“Is it too bad for you to take me home, Sam?” inquired Miss Nugent, softly.
The perturbed Mr. Wilks looked from one to the other. As a sportsman his sympathies were with Hardy, but his duty lay with the girl.
“I’ll do my best, miss,” he said; and got up and limped, very well indeed for a first attempt, round the room.
Then Miss Nugent did a thing which was a puzzle to herself for some time afterwards. Having won the victory she deliberately threw away the fruits of it, and declining to allow the steward to run any risks, accepted Hardy’s escort home. Mr. Wilks watched them from the door, and with his head in a whirl caused by the night’s proceedings mixed himself a stiff glass of grog to set it right, and drank to the health of both of them.
[Illustration: “Mr. Wilks drank to the health of both of them.”]
The wind had abated somewhat in violence as they walked home, and, moreover, they had their backs to it. The walk was slower and more enjoyable in many respects than the walk out. In an unusually soft mood she replied to his remarks and stole little critical glances up at him. When they reached the house she stood a little while at the gate gazing at the starry sky and listening to the crash of the sea on the beach.
“It is a fine night,” she said, as she shook hands.
“The best I have ever known,” said Hardy. “Good-bye.”
The weeks passed all too quickly for James Hardy. He saw Kate Nugent at her own home; met her, thanks to the able and hearty assistance of Mr. Wilks, at Fullalove Alley, and on several occasions had the agreeable task of escorting her back home.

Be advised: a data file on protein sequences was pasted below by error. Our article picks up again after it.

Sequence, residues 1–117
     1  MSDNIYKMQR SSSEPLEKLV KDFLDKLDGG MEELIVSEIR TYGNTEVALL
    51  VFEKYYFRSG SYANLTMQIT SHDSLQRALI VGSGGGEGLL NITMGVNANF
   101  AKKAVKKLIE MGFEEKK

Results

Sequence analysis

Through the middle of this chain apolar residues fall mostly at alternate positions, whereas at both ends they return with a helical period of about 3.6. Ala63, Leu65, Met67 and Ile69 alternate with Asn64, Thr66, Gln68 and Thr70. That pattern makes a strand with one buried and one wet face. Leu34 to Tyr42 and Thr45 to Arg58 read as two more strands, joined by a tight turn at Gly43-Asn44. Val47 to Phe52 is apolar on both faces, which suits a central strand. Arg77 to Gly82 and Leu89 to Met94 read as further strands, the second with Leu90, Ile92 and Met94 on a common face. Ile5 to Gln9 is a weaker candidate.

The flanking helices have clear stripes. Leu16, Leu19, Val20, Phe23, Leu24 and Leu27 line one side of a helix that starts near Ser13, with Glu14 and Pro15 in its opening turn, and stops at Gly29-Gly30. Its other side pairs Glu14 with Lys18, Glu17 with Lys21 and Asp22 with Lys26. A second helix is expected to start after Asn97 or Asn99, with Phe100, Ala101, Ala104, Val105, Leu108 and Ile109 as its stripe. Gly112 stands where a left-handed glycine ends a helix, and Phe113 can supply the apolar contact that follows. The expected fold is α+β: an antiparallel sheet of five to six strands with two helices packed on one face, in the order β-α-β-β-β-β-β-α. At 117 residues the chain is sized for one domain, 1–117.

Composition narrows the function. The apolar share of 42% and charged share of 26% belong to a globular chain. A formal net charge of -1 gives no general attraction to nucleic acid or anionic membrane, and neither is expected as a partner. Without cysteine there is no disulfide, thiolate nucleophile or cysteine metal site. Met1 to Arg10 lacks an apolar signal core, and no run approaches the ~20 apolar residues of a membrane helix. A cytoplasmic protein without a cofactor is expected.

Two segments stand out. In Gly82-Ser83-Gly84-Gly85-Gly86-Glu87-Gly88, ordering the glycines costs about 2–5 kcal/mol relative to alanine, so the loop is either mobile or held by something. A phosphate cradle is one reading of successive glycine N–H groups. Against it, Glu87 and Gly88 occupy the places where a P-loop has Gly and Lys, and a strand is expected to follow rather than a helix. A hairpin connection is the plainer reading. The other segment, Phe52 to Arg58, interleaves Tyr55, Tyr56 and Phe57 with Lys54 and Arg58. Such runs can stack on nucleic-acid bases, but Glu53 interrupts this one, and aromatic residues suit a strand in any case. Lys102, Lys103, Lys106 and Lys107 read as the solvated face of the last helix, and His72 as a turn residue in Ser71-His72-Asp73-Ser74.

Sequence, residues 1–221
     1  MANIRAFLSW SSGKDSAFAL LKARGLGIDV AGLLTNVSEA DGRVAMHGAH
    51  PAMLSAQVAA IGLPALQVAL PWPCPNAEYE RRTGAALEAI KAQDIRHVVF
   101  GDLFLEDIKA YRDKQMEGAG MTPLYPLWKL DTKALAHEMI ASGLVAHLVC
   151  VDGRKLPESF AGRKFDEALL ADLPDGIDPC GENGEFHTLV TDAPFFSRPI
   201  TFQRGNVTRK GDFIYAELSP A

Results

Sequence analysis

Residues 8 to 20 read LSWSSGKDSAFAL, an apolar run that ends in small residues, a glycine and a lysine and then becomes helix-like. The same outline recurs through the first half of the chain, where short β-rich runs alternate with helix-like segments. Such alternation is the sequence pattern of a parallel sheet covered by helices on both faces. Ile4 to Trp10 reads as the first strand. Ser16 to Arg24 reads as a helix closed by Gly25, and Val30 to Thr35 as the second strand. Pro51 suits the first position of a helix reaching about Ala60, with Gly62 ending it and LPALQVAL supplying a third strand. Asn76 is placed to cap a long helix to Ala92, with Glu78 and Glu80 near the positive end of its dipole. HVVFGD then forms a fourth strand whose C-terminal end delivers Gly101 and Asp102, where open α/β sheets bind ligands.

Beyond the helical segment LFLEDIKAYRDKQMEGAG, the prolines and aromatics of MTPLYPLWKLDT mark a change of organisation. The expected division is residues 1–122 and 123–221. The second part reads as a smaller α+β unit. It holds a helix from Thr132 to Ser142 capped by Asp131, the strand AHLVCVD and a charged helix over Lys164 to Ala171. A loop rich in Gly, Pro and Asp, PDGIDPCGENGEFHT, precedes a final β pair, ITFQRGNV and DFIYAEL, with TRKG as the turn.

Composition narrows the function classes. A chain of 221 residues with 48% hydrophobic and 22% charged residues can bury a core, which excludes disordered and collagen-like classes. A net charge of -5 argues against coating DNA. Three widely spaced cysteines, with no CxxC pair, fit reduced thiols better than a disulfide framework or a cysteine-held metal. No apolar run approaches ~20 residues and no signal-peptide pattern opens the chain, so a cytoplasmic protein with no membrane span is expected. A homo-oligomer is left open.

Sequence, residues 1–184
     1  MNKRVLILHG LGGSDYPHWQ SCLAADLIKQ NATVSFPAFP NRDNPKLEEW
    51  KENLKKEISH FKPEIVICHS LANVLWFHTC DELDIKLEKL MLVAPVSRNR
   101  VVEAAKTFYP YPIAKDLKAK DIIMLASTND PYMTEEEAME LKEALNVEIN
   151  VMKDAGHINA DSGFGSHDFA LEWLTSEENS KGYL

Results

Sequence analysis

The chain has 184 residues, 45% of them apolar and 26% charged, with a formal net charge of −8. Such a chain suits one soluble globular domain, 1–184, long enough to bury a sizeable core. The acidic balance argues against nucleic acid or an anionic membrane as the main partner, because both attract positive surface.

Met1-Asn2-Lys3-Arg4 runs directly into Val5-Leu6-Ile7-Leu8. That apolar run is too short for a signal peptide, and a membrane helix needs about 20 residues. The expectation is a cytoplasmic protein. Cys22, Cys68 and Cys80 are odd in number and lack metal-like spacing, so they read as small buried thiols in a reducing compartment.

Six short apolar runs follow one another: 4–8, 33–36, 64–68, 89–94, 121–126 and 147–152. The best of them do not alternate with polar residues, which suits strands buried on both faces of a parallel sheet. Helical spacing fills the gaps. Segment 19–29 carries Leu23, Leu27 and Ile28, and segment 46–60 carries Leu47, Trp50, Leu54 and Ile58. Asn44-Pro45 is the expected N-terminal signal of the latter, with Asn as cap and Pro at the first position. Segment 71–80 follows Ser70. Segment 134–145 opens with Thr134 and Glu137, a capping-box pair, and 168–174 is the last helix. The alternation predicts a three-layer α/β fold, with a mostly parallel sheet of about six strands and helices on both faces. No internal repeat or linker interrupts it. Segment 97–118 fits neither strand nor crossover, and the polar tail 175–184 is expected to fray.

He cabled to his father for news of the illustrious stowaway immediately the Conqueror was notified as having reached Port Elizabeth. The reply—“Left ship”—confirmed his worst fears, but he cheerfully accepted Mrs. Kingdom’s view that the captain, in order to relieve the natural anxiety of his family, had secured a passage on the first vessel homeward bound.
Captain Hardy was the first to reach home. In the early hours of a fine April morning the Conqueror steamed slowly into Sunwich Harbour, and in a very short time the town was revelling in a description of Captain Nugent’s first voyage before the mast from lips which were never tired of repeating it. Down by the waterside Mr. Nathan Smith found that he had suddenly attained the rank of a popular hero, and his modesty took alarm at the publicity afforded to his action. It was extremely distasteful to a man who ran a quiet business on old-fashioned lines and disbelieved in advertisement. He lost three lodgers the same day.
[Illustration: “A popular hero.”]
Jem Hardy was one of the few people in Sunwich for whom the joke had no charms, and he betrayed such an utter lack of sympathy with his father’s recital that the latter accused him at last of wanting a sense of humour.